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Most notable among them was the addition of wet weather tires at some oval tracks, and the barring of any future Ross Chastain-style wall-rides.
NASCAR will officiate it on a case-by-case basis, and the sport’s newly named Senior Vice President of Competition Elton Sawyer talked more about on the NASCAR Race Hub.
“As we looked at in the offseason and you know, it was a very exciting moment. It will go down in the history of our sport, if not the most exciting moment, (then) it’s in the top five for sure. It came with a great deal of excitement as I said, but it also came with a great deal of scrutiny. We met internally Monday after Martinsville (and) made a decision that we would officiate the championship weekend in Phoenix as we had the previous 35 races.”
“After gathering more information in the offseason, it just felt like that we needed to make a move. We needed to step in, and we will officiate that differently as we move into the ’23 season. It’s not brand new language … it is language that was in the rulebook and if we see that and deem that as an unsafe maneuver, then we would penalize and that would be a time or a lap penalty.”
The wall-ride wasn’t the first time Chastain put the NASCAR rule book to the test. Earlier in the same season, he blew Turn 1 and used the escape road at the Indianapolis Road Course to avoid an incident, but also gain ground on track. He took the race lead and ultimately finished second, but was handed a time penalty after the race.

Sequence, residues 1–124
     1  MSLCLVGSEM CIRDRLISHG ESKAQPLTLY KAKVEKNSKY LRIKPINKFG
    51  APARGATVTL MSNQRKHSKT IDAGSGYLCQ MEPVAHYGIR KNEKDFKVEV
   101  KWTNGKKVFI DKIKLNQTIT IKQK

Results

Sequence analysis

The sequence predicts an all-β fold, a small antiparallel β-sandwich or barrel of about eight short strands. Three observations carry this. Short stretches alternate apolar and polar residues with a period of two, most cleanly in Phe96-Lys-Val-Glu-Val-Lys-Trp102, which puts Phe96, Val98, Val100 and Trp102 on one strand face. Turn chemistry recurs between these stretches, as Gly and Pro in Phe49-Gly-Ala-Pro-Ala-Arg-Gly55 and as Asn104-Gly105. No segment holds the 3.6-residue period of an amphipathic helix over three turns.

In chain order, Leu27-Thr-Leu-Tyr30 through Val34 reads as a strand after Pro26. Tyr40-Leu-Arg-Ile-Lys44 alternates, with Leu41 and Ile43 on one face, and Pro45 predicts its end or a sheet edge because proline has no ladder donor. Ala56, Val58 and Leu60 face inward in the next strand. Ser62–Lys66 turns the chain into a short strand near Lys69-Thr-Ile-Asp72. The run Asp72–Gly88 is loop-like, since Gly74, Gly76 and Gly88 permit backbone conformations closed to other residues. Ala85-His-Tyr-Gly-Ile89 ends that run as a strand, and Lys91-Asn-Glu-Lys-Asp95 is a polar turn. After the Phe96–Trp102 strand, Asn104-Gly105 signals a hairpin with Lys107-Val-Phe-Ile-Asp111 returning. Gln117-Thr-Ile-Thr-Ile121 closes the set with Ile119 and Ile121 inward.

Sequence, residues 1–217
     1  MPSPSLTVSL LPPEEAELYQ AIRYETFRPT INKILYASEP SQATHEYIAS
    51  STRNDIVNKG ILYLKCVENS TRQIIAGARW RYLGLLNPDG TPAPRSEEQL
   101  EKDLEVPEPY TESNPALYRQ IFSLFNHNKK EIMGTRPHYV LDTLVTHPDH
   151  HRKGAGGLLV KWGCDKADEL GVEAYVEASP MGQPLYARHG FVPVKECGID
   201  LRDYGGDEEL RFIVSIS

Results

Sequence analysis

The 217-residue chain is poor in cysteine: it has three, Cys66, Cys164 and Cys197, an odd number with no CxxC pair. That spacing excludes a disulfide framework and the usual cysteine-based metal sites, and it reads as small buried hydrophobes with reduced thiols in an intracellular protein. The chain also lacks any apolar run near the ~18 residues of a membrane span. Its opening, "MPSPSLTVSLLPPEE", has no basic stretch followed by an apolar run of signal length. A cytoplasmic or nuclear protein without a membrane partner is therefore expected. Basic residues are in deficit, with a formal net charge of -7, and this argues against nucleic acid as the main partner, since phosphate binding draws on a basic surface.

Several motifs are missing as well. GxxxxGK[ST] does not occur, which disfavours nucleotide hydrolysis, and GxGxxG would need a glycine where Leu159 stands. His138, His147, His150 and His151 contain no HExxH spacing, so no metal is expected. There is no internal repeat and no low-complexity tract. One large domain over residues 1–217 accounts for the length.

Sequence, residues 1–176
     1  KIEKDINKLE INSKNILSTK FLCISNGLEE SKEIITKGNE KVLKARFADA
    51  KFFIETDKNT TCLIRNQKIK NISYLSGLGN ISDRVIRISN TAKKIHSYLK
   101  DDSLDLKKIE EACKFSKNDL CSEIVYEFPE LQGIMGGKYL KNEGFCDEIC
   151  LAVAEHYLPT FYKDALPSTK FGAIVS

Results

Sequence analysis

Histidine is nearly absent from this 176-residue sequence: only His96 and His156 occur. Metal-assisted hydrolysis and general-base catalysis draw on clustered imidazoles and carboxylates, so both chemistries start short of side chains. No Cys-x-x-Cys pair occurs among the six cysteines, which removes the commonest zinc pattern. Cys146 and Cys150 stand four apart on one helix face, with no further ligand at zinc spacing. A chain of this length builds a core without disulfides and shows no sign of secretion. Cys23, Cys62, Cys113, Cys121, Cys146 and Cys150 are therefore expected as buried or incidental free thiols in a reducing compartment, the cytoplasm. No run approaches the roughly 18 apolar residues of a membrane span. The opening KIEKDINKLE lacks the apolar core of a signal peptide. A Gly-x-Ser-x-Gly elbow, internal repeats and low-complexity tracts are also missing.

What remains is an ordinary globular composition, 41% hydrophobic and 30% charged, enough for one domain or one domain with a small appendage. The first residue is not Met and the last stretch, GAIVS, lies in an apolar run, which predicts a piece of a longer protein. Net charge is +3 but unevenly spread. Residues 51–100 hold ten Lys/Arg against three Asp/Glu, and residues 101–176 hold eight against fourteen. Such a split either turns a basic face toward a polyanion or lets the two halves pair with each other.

Sawyer also touched on some of the other changes, explaining that the elimination of the top-30 in points requirement previously needed to remain eligible for the playoffs. Drivers need only attempt every race now.
“As far as the top 30 in points, as we digested that in offseason, we got 36 charter teams in the Cup Series and they all work extremely hard to get to the playoffs. And for a team to not have been in the top 30 and they won a race, and yet not getting the opportunity, just didn’t feel like it was fair. So we felt like it was the right thing going forward to make sure it was an equal opportunity there.”
In the highly competitive 2022 season, NASCAR came close to having a full-time driver outside the top-30 in points win a race on two separate occasions. Corey LaJoie crashed was battling for the lead with Chase Elliott in the second Atlanta race, and ended the year 31st in points.
Additionally, Cody Ware finished sixth and was in contention late in the regular season finale at Daytona. He was 32nd in the championship standings. LaJoie and Ware were the only two full-time drivers outside the top-30 in points last season.